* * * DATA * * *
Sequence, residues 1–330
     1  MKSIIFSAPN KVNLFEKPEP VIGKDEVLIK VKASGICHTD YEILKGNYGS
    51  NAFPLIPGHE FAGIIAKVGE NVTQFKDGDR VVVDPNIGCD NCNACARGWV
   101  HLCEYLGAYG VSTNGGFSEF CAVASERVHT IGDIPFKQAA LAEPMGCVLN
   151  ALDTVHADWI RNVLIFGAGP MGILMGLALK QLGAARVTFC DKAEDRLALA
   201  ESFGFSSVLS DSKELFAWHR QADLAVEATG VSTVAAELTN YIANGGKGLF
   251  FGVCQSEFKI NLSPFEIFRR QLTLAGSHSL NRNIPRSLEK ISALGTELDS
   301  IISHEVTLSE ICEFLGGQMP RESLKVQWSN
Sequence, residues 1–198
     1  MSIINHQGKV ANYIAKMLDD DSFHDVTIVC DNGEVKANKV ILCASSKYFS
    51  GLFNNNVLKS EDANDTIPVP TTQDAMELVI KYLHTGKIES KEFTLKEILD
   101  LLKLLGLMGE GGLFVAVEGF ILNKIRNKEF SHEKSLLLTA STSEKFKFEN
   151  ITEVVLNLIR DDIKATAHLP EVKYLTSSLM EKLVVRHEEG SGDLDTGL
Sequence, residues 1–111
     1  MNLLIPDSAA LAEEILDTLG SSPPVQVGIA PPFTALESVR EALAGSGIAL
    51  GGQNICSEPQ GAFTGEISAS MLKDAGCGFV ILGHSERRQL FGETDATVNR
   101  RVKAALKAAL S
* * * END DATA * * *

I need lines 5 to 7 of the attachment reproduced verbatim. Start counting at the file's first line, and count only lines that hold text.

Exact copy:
   151  ALDTVHADWI RNVLIFGAGP MGILMGLALK QLGAARVTFC DKAEDRLALA
   201  ESFGFSSVLS DSKELFAWHR QADLAVEATG VSTVAAELTN YIANGGKGLF
   251  FGVCQSEFKI NLSPFEIFRR QLTLAGSHSL NRNIPRSLEK ISALGTELDS